Jan. 24—Oh, that the rain of the past few days would be enough.
And, perhaps it will be, if forecasts for more during the upcoming week hold true.
At the least, however, the rain that does fall will not dampen the possibility of more fires.
Think about that: Fires in January?
But that's what just happened last week.
After a week of spring, or even summer, like conditions, gusty winds Monday led to downed power lines (and extended loss of electricity in some areas) and at least 20 wildfires breaking out around Santa Cruz County. While they have been suppressed, it was a jarring reminder of August's devastating CZU Lightning Fire.
And a warning that as climate change leads to more prolonged droughts, wildfire season is no longer seasonal.
Residents and fire officials alike are feeling the strain, during a time when COVID-19 has already frayed nerves.
Cal Fire CZU San Mateo —Santa Cruz Unit Chief
"There's definitely a change occurring in the climate," Larkin said. "That is having some type of effect here where we're not getting the type of rain we used to get, and we're getting hotter and drier winters."
The two rainiest months of the year in
Not only does the lack of rainfall increase the chance of more devastating wildfires in our region, but could lead to water shortages throughout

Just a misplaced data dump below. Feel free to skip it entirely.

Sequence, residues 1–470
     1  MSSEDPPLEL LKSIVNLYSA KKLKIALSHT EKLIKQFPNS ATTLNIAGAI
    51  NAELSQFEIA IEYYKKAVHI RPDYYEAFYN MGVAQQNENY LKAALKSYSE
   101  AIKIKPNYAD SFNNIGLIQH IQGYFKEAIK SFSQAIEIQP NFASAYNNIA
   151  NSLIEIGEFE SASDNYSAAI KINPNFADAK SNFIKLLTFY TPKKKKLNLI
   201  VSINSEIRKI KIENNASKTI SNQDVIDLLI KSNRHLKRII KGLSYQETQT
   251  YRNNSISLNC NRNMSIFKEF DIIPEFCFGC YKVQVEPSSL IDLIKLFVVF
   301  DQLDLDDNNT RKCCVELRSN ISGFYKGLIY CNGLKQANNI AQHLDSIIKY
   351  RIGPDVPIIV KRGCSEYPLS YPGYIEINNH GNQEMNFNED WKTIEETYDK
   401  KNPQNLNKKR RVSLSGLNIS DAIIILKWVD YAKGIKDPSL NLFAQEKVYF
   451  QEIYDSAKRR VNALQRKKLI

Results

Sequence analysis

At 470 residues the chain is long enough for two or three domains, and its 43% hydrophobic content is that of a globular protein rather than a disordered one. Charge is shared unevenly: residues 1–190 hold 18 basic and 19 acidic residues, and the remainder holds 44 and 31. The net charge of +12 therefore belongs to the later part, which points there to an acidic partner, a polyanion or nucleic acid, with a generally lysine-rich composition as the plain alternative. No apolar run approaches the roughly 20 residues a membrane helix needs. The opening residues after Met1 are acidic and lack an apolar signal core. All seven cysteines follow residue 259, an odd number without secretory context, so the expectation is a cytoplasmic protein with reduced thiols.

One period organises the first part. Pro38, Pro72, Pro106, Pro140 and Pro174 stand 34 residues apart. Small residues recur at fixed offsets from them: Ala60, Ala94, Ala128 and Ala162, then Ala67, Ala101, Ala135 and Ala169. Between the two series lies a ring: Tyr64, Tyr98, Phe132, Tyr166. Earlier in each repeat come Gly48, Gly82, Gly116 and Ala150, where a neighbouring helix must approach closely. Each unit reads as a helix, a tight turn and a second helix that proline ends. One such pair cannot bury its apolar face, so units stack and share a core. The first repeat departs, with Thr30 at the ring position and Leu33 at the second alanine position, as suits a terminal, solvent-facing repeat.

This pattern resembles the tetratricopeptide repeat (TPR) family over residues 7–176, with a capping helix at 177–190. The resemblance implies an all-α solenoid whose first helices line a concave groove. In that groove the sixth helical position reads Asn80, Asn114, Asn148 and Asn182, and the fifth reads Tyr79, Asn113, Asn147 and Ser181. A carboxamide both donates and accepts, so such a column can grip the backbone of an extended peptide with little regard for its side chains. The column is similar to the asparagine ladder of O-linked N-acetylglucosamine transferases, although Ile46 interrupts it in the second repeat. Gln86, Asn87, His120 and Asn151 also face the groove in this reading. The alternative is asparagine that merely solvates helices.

Water supplies for the state depend, in large part, on the Sierra snowpack, which last week was less than half of what water officials see as a normal depth.
With the specter of pandemic caused economic recession on the horizon,
"In 2020, 9,000 wildfires burned more than 4 million acres across the state, more than the 2017 and 2018 fire seasons combined and significantly higher than the most recent five-year average of acres burned. Hotter, drier conditions in the state's forests, driven by climate change and the consequences of a century-old legacy of fire suppression, have generated unparalleled fuel conditions that result in significant wildfire risk."
The budget rightfully calls for more spending for fire fighting and fire suppression.
While weather forecasters and scientists hope that late rains will head off another terrible wildfire year, we can't count on this year's dry pattern to change in a meaningful way. And even if it does, there needs to be continued emphasis on clearing wooded areas of dry fuel and of educating homeowners and residents about defensible space around their properties. Evacuation routes need to be clearly drawn up and communicated.
And pandemic-caused budget limitations cannot limit expenditures for fire fighting.
Moreover, the water supply needs to be far more resilient. While it's a good sign the new Biden administration has reversed course from the Trump years and is taking climate change seriously, counting on winter rainfall to refill reservoirs and replenish aquifers has become a foolish bet. Political leadership needs to get past the reflexive opposition to new projects.
Because, more conservation, more water reuse and more storage will all be required.
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